Trump’s Decision on the Dreamers Coming Tuesday


September 1, 2017

While 800,000 young people and their families waited fearfully to see if the Trump Administration would turn their world upside down, White House Press Secretary Sarah Sanders said Friday that the President’s decision about the Deferred Action on Childhood Arrivals (DACA) program would be announced on Tuesday, Sept. 5.
President Trump has sent mixed signals about the Dreamers, as these young immigrants are known.  He has reversed certain Obama Administration policies to make it easier for certain immigrants to achieve legal status, but so far he has left DACA alone.  Will that change on Tuesday?  Many are very worried that it will.

The Dreamers are a highly sympathetic group:  they arrived in this country as children, have gone through grade school and been part of their communities for years, sometimes not even knowing that they were not here legally.  As they sought financial aid for college, driver’s licenses or jobs, they realized there were many constraints on their dreams.  When the Obama Administration instituted DACA, it was a tremendous relief to hundreds of thousands of young people.

The Dreamers put their improved access to jobs and education to good use.  A survey of 3,063 DACA young people conducted by United We Dream, the National Immigration Law Center, and the Center for American Progress found that 91 percent were employed, and 97 percent were in school and/or working.  Since achieving legal status, their hourly wages rise from an average of $10.29 to $17.46.  Among those 25 years or older, 8 percent started their own businesses, quite a bit higher than the U.S. average of 3.1 percent.  A previous analysis by the Center for American Progress estimated that beneficiaries of DACA would contribute $460 billion to the U.S. economy (GDP) over the next decade.

Because they really do embody the American dream, young people benefiting from DACA have strong public support.  Close to two-thirds of Americans support legal status for immigrants brought here as children, according to a new NBC News/Survey Monkey poll.  Support is bipartisan, too.  In today’s news, according to Slate, House Speaker Paul Ryan (R-WI) and Senator Orrin Hatch (R-UT) both voiced support for continuing legal status for the Dreamers.  On the other hand, 10 Republican state Attorneys-General are threatening to sue the federal government if it does not end DACA.  They’ve given the Trump Administration until September 5 to respond.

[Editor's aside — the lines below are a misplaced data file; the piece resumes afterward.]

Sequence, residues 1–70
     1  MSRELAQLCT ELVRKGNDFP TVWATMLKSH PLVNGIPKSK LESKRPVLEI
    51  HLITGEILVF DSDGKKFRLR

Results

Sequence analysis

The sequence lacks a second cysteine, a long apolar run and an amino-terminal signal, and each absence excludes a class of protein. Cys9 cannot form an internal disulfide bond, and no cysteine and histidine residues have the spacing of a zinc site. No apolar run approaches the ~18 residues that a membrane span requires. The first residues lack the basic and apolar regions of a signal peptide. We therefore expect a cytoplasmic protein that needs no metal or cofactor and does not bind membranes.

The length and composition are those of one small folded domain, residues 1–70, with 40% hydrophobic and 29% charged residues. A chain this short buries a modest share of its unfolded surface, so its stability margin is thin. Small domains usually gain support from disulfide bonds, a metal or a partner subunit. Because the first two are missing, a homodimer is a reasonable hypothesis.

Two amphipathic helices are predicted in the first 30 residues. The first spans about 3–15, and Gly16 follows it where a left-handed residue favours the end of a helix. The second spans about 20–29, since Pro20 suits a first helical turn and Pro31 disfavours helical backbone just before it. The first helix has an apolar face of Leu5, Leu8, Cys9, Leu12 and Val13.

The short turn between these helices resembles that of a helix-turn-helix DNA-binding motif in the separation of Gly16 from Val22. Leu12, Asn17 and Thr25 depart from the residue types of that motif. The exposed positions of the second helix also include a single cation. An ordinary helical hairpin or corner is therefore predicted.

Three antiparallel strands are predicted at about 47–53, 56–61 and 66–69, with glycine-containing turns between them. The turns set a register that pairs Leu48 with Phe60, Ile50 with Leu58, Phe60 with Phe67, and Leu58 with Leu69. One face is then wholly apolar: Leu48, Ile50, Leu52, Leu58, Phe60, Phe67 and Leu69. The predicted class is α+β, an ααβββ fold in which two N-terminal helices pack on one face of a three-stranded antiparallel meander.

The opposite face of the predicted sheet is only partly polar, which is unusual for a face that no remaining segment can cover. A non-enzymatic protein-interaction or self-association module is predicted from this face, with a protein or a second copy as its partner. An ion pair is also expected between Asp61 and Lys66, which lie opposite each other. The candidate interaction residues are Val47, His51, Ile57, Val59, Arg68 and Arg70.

Let’s hope the Administration does the right thing.  According to Trump’s press secretary, as reported in The Hill, “The president’s priorities on immigration are to create a system that encourages legal immigration and benefits our economy and American workers. The president has been very clear, he loves people and he wants to make sure this decision is done correctly.”  Hard to know just what that means, but one thing is clear.  Simply extending the program for a short time or allowing it to phase out gradually will take legal status away from these hundreds of thousands of young people; it will lead to their deportation.  The nation benefits from the Dreamers’ contributions.  They are our neighbors, our children, our co-workers.  They’re helping to build our future.

Advocates are geared up to respond – in fact, as we’ve previously reported, they have been responding all through August.  More activities are scheduled, starting September 5.  To learn about activities in Washington and around the country, click here.

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